A forward market is a marketplace that offers financial instruments that are priced in advance for future delivery. It tends to be referenced as the foreign exchange market, but it can also apply to securities, commodities, and interest rates.
Forward markets facilitate the exchange of forward and futures contracts, setting the price of a delivered asset or financial instrument.
Forward contract pricing is based on the difference in interest rates between two currencies being traded, particularly within FX. Otherwise, it would be based on the yield curve.
Forward contracts differ from futures because they are customizable on offer size and maturity date, while futures tend to be standardized.
How a Forward Market Works
Forward markets create forward contracts. The forward contracts are meant to be used for speculative purposes, as well as for hedging. Forward contracts are transacted between banks and banks to customers.
The forward market offers both forward and futures contracts. The two differ in that forward contracts can be customized to the holder’s requests, whereas futures contracts tend to be standardized regarding maturity and order size.
A forward contract allows a party to buy or sell an asset at a predetermined price within a specified time in the future. Forward contracts can be customized to a commodity, delivery date, and order size. Commodities can include grains, natural gas, oil, precious metals, and more. Based on the contract, a forward settlement can either be a recurring monthly cash payment or on a once-delivered basis.
For example, Sam wants to buy gold to diversify his portfolio and hedge himself against any downside from the S&P 500. At the moment, gold is $2,000 per ounce. He believes gold will skyrocket in one year to $2,500/oz and decides to enter into a position with a gold producer, with an asking price of $2,000/oz one year from now.
It means the gold producer must give Sam his gold in one year for the price of $2,000/oz regardless of what the market price is then. The payment can be conducted on a predetermined basis, whether that may be monthly, quarterly, yearly, or when the goods are delivered.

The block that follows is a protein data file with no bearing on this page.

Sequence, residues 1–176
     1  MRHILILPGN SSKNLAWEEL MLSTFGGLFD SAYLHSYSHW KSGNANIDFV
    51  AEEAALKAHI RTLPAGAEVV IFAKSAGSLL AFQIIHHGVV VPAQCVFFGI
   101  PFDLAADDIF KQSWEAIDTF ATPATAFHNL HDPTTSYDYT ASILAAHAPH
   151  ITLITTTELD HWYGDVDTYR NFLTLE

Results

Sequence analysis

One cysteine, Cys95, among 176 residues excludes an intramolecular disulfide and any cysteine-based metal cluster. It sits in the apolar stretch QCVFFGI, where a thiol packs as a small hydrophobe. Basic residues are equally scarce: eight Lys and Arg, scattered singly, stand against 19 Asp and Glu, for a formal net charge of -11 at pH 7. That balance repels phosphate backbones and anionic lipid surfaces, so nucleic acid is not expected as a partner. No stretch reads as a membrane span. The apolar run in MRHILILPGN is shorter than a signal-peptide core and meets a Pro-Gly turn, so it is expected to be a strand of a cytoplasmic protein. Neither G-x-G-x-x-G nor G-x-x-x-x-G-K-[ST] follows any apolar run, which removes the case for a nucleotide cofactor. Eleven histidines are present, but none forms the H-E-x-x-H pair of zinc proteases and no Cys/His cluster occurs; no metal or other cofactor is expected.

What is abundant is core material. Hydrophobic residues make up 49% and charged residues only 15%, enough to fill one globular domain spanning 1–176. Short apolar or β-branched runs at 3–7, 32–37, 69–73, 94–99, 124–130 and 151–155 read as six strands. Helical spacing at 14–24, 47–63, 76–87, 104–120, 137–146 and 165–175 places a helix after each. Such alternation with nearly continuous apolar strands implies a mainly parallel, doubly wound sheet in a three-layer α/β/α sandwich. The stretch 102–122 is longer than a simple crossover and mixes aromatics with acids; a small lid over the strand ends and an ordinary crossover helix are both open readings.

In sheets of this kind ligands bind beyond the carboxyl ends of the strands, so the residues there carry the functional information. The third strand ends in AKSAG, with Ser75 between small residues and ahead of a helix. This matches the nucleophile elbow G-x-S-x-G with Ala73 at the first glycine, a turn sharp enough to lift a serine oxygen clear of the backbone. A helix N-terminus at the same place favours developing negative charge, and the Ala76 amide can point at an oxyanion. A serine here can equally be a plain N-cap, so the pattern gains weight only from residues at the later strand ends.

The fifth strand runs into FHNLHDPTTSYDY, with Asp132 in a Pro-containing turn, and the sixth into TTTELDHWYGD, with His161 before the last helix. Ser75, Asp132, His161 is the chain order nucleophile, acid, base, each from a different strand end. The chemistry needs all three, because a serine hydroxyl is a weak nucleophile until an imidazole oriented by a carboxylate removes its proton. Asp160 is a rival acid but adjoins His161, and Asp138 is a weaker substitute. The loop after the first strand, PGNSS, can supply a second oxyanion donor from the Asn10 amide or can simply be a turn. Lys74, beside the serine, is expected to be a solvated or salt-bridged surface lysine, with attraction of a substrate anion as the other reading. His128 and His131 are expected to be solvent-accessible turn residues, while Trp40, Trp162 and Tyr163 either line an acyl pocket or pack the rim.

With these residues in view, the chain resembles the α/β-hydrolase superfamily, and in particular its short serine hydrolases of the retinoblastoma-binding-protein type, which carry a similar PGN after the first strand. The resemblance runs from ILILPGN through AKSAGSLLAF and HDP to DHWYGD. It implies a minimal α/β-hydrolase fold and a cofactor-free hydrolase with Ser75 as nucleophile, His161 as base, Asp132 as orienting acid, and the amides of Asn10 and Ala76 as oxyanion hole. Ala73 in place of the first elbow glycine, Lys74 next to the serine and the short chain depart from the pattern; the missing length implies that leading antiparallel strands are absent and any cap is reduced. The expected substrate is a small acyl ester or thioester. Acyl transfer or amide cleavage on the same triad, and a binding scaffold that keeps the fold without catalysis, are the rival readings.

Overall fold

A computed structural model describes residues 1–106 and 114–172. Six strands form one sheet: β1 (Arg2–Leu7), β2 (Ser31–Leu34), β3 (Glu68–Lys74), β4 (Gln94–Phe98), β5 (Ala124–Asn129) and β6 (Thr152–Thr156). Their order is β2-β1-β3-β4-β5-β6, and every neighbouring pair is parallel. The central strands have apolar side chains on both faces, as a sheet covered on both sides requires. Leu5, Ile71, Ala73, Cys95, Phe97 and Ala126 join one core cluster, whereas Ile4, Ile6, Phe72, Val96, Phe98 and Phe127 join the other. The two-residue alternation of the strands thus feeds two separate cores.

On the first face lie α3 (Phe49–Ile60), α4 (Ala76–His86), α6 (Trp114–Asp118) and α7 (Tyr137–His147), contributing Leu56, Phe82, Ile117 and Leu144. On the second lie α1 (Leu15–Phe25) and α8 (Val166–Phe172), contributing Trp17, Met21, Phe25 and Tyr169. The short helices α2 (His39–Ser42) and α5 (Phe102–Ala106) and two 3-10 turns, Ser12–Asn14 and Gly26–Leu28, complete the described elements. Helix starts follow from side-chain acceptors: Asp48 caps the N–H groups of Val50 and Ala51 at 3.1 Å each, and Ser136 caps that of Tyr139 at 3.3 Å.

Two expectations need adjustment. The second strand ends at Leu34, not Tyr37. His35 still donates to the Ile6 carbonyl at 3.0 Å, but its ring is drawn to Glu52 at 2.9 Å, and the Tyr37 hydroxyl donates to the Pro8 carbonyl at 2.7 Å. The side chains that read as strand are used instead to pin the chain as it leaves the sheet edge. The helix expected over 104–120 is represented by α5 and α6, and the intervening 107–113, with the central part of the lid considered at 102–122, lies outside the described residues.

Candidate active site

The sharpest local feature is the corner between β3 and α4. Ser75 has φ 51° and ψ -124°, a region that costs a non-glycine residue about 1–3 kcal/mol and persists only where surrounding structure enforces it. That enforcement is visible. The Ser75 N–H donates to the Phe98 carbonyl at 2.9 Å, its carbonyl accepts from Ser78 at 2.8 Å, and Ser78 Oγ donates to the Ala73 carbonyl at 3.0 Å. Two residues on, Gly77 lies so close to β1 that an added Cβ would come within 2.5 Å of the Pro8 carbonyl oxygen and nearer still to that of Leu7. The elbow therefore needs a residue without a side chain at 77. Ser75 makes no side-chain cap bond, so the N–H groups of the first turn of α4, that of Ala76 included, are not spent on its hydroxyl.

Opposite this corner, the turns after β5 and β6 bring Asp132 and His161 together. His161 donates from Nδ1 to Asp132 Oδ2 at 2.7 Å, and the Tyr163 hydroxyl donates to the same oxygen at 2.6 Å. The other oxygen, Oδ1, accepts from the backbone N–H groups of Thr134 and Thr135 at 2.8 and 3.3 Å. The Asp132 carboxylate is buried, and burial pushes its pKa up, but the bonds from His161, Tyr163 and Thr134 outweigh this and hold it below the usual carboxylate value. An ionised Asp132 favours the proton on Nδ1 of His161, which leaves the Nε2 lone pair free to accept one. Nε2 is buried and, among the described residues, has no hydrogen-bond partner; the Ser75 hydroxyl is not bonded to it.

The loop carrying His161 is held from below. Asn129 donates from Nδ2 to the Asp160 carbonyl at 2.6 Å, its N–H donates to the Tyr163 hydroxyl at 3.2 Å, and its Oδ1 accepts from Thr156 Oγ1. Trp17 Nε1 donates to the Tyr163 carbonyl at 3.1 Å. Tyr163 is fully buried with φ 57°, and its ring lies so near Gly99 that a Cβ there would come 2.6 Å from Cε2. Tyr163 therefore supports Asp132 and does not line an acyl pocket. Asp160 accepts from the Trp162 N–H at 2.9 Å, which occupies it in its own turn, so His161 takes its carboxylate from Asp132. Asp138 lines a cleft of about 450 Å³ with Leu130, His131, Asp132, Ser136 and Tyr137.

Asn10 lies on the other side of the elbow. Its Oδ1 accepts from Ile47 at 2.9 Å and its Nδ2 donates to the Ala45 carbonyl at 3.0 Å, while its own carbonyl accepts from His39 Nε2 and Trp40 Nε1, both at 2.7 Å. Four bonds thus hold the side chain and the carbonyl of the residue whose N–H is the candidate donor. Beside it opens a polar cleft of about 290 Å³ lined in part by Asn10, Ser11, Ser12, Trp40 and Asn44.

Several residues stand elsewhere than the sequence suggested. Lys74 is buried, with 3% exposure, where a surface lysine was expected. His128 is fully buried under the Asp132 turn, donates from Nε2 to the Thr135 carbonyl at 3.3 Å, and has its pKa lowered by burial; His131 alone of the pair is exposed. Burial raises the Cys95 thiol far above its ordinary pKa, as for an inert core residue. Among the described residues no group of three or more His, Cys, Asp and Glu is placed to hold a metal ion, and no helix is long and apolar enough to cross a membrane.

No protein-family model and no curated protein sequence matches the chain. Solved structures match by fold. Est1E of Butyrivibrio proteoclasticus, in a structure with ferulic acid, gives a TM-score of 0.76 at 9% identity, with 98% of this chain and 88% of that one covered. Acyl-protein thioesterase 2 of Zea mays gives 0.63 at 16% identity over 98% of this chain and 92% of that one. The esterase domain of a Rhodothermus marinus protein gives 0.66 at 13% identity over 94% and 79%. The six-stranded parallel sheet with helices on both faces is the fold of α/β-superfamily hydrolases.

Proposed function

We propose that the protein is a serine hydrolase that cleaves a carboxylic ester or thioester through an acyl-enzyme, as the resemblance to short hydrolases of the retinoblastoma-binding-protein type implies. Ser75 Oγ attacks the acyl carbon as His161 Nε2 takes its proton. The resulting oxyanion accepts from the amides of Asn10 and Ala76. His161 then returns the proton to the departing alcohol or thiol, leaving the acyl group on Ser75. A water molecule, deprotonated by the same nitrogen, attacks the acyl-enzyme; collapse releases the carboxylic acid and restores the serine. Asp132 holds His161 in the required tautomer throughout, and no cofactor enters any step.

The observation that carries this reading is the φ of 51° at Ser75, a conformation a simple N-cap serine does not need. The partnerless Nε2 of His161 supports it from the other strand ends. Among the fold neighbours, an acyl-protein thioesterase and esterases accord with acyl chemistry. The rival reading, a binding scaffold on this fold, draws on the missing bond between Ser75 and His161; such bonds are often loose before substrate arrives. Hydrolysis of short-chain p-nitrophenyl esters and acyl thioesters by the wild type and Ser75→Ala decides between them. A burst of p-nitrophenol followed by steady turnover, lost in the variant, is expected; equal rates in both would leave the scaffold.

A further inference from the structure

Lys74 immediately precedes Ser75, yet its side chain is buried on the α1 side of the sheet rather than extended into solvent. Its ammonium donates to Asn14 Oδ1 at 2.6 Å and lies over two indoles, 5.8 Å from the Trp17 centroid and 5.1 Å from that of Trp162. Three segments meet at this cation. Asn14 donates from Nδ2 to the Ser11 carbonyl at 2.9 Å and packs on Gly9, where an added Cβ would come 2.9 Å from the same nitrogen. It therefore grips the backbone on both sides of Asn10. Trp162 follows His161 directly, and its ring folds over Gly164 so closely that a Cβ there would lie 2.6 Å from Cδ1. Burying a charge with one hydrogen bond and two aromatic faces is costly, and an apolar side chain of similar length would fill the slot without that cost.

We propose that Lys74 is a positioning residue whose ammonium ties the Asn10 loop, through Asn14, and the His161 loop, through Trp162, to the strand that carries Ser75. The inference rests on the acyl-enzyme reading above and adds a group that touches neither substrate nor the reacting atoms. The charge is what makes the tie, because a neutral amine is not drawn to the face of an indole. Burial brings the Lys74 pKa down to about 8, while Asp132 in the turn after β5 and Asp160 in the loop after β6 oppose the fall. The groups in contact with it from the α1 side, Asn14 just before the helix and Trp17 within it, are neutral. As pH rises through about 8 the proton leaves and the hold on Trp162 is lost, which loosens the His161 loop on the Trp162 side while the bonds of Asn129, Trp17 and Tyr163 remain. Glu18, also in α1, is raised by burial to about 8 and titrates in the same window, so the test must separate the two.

Forward contracts are known to be OTC (over-the-counter) instruments, since they are not traded on a centralized exchange. That being said, they are exposed to a higher degree of default risk but also offer a higher potential return.
A futures contract refers to an agreement that allows a party to buy or sell an asset at a predetermined price within a specified time in the future. Futures are standardized contracts, particularly in the quantity of ordering size and date.
Buyers who enter a futures contract are obligated to buy the goods from the seller based on what is written in the contract when the delivery date arrives. Vice-versa, the seller is obligated to sell the goods to the buyer on the delivery date based on the price written in the contract, regardless of what the market price is on the exchange date.
How Forward Markets Price Contracts
Within the forward market, contracts are priced based on interest rates. For example, in the foreign exchange market, forward prices stem from the difference in interest rates between two currencies.
The value is then applied over from the transaction to the settlement date of the contract. Another instance would be interest rate forwards, where the price is derived from the yield curve.
Forwards Not Within the Forward Market
In some cases, there are currencies where there is no standard forward market to trade upon. Such an entity is known as a non-deliverable forward. Often, the contracts are executed offshore, implying that they are conducted outside the domestic market to reduce trading restrictions.
In addition, they are only executed as swaps and are cash-settled in either euros or dollars. Generally, the most commonly traded currencies of such nature are won from South Korea and the rupee from India.
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